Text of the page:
Nature is often an element that many people consciously link to healing. When asked about healing spaces, Jinan Hammoud said it right away; “I imagine plants for sure, and sounds of nature,” said the practicing architect in Saudi Arabia, “Spaces should be transparent, and bright and with a good source of light.”
People often underestimate the healing effects of interior design. But design might take a toll on our emotions, and space can set a default line for the emotions we feel.
I caught myself laboring to free my mind from matter as I began to realize that the ability to focus required an audacity to live in a minimal uncluttered space. Only a soul that is filled will have the courage to live in a nearly empty space, I thought. Clutter is crippling to the mind and the soul. The lack of random and unimportant physical objects steers the mind away from the trivial, towards the key matters and goals that we are usually frightened to face.
Yet, perhaps clutter is inevitable for some, because life itself is muddled and never fails to bring randomness into our lives. For some people, clutter may present itself as a filler for life’s stubborn cruel circumstances. Spaces, at times, may heal with their clutter!
Milica Rakovic, a practicing architect in Serbia, expressed her opinion to Aoyama Design Forum, saying: “I think a healing space means different things to different people and at different times. For me and right now, I do need distractions, so I imagine my healing space having different activities and interferences that would shut down my thoughts and provide distractions. I wouldn’t want a calm space where I am alone with my thoughts, at least at this time in my life.”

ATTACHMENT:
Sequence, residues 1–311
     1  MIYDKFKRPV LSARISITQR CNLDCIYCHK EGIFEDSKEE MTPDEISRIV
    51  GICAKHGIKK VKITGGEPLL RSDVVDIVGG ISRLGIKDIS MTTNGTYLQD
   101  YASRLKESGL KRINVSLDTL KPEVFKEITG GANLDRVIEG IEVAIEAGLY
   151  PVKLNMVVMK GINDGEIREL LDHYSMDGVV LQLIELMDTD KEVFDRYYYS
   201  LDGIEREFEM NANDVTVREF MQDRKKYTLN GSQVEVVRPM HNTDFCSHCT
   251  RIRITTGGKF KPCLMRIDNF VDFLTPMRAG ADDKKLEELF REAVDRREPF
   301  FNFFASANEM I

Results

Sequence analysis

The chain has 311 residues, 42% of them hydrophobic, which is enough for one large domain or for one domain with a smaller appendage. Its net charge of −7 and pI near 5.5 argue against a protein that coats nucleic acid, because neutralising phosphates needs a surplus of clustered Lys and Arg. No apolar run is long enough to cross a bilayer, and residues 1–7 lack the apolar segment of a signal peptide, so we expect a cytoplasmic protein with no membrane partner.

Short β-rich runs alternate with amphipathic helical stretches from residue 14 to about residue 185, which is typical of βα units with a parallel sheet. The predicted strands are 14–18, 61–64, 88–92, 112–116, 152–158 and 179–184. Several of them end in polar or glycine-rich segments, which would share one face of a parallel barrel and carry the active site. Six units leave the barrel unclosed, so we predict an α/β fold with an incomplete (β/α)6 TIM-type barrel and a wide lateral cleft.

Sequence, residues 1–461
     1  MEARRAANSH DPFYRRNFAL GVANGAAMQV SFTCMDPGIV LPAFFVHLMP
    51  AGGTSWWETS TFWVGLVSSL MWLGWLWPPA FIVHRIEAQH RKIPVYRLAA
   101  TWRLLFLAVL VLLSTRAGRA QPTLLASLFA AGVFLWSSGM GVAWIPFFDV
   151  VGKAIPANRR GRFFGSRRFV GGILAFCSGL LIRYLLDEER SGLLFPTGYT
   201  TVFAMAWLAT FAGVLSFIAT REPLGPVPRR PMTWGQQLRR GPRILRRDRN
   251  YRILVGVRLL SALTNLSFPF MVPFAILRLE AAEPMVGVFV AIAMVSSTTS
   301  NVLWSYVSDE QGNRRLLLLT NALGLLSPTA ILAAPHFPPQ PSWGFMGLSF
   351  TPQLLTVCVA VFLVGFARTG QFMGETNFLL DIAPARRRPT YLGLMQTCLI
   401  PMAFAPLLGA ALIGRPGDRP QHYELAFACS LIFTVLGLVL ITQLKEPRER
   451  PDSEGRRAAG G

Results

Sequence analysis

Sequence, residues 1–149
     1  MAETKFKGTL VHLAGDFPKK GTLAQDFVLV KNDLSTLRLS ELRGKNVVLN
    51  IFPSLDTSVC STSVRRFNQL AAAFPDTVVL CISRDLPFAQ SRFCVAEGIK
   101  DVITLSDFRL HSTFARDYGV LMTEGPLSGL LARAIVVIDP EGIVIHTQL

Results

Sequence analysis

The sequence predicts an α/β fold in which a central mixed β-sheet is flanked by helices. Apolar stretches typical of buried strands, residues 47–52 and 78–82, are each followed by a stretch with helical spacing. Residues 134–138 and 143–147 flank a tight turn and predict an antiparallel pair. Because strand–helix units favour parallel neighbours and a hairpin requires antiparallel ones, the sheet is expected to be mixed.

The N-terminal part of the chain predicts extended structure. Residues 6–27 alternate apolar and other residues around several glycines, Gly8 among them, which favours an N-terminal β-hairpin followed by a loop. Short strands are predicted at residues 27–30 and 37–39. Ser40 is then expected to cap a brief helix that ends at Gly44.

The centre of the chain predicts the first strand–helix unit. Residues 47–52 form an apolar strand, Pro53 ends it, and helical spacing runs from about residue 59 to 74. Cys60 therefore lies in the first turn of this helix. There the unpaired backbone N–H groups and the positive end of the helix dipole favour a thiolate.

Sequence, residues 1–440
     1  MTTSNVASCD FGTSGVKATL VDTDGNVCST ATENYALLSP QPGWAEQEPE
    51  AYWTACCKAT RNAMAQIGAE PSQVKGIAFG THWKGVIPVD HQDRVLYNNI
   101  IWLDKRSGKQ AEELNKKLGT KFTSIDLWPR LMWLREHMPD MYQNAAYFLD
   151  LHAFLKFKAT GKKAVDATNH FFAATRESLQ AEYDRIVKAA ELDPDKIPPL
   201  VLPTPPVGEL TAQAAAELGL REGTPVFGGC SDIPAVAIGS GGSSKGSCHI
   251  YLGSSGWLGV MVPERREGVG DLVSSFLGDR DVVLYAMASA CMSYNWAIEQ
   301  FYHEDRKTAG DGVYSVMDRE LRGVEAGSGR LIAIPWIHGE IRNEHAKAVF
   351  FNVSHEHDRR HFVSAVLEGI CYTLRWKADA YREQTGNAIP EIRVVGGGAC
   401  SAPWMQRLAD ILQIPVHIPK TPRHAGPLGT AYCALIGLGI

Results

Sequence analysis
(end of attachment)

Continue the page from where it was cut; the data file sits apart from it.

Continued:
Between spaces with clutter and empty spaces with none, some would argue that healing cannot be helped by a space at all!
“I am a person who doesn’t believe in places,” said Rasha Chehadeh, a Lebanese interior designer, “but that contentment comes from a person’s interior, not the interior of their space. Whether I am in the Maldives, close to nature, or on the moon, I believe that I will move what I hold inside of me. If I am miserable, I will move the despair, and if I have a peaceful state of mind, I will be well-grounded in my next harbor. I don’t believe in a healing setting. My environment might facilitate healing, but I believe that the real healing space is inside, my soul.”
Apart from internal values and strengths, there are codes that designers need to take into consideration while designing the four healing walls, like manipulating the light to form a Yūgen effect, or withdrawing lessons from natural patterns. Like the tree which balances its thick bark with a softness in its leaves, rooms ought to exhibit a balance between sharp and soft elements, and like the healthy river that is in constant motion, a room may require a gradual update as the person who resides in it evolves, because the river which gets blocked stagnates and soon collects rubbish and debris.
While there are objective laws that contribute to making a space look exquisitely healing, design and the four healing walls can be very subjective as well. Designers should never neglect the most vital aspect of design, which is the point of view of the dwellers, their values, and strengths, which mirrors them.